Format

Send to

Choose Destination
J R Soc Interface. 2014 Oct 6;11(99). pii: 20140710. doi: 10.1098/rsif.2014.0710.

Determining asymptotically large population sizes in insect swarms.

Author information

1
Department of Mechanical Engineering and Materials Science, Yale University, New Haven, CT 06520, USA.
2
Department of Mechanical Engineering and Materials Science, Yale University, New Haven, CT 06520, USA nicholas.ouellette@yale.edu.

Abstract

Social animals commonly form aggregates that exhibit emergent collective behaviour, with group dynamics that are distinct from the behaviour of individuals. Simple models can qualitatively reproduce such behaviour, but only with large numbers of individuals. But how rapidly do the collective properties of animal aggregations in nature emerge with group size? Here, we study swarms of Chironomus riparius midges and measure how their statistical properties change as a function of the number of participating individuals. Once the swarms contain order 10 individuals, we find that all statistics saturate and the swarms enter an asymptotic regime. The influence of environmental cues on the swarm morphology decays on a similar scale. Our results provide a strong constraint on how rapidly swarm models must produce collective states. But our findings support the feasibility of using swarms as a design template for multi-agent systems, because self-organized states are possible even with few agents.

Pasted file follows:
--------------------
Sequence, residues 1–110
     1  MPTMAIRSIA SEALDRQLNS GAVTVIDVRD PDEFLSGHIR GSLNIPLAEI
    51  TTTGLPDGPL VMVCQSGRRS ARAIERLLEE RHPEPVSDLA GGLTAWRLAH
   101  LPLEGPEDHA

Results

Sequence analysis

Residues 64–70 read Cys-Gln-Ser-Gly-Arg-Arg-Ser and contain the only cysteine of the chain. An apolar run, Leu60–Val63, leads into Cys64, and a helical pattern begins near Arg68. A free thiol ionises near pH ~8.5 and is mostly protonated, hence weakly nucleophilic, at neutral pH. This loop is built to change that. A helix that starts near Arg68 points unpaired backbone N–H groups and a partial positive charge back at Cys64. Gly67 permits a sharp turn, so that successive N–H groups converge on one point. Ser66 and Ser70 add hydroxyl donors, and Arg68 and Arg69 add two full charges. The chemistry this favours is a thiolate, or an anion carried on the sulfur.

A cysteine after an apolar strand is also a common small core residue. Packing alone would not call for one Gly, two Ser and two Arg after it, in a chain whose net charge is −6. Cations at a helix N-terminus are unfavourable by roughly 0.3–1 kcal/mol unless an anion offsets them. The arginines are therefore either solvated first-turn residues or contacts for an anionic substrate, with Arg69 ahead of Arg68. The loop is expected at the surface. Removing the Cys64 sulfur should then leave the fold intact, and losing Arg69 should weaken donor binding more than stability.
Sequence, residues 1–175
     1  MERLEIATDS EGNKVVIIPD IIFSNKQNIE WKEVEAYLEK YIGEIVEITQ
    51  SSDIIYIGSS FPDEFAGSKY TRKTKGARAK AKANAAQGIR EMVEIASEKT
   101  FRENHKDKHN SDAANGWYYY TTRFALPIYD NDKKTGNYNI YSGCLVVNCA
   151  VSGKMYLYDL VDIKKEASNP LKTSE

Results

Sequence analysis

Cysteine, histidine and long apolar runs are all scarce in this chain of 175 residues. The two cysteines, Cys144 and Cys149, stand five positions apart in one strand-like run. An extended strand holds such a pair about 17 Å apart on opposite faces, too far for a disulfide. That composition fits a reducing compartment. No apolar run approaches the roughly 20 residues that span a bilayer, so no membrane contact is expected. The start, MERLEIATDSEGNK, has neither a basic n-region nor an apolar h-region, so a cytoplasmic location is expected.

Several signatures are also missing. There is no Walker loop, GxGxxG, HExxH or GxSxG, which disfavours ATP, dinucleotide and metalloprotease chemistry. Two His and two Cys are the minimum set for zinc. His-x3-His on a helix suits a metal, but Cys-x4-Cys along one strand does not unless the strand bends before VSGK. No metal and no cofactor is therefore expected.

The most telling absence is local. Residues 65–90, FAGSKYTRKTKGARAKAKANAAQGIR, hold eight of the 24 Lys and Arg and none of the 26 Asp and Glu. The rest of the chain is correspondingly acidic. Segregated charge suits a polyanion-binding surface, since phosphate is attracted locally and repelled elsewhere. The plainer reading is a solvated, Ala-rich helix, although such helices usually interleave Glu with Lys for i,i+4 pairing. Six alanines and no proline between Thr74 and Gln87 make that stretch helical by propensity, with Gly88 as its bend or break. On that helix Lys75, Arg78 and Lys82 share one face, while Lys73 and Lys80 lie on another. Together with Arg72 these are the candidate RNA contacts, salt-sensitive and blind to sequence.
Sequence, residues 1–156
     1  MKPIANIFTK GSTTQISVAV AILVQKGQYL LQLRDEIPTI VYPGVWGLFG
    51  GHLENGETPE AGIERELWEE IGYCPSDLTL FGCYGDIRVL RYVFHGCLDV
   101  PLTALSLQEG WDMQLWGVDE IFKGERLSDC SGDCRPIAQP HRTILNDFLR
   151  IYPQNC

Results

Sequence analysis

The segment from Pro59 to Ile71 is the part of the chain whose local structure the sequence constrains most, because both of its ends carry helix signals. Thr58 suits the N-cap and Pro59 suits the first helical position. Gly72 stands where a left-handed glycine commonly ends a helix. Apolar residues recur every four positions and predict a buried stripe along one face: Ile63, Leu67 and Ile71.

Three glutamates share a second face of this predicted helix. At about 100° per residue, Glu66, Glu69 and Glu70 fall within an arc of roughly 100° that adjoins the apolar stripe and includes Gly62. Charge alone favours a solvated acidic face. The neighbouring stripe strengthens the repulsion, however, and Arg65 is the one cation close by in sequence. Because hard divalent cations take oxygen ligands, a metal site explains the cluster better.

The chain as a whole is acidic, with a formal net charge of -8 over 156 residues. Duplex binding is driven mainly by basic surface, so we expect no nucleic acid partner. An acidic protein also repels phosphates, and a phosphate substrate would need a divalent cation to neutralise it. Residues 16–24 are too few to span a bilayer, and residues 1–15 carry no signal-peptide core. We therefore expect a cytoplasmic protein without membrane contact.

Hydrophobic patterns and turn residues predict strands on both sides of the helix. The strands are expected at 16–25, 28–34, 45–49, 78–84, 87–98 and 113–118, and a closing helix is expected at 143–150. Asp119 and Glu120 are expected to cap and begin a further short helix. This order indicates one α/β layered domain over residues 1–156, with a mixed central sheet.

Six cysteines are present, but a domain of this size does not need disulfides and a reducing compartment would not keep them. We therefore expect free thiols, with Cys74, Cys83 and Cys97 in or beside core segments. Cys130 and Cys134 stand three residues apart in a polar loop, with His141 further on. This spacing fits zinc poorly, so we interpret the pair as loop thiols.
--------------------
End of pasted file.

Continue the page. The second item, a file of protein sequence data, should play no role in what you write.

KEYWORDS:

collective animal behaviour; self-organization; statistical mechanics

PMID:
25121646
PMCID:
PMC4233756
DOI:
10.1098/rsif.2014.0710
[Indexed for MEDLINE]
Free PMC Article

Supplemental Content

Full text links

Icon for Atypon Icon for PubMed Central
Loading ...
Support Center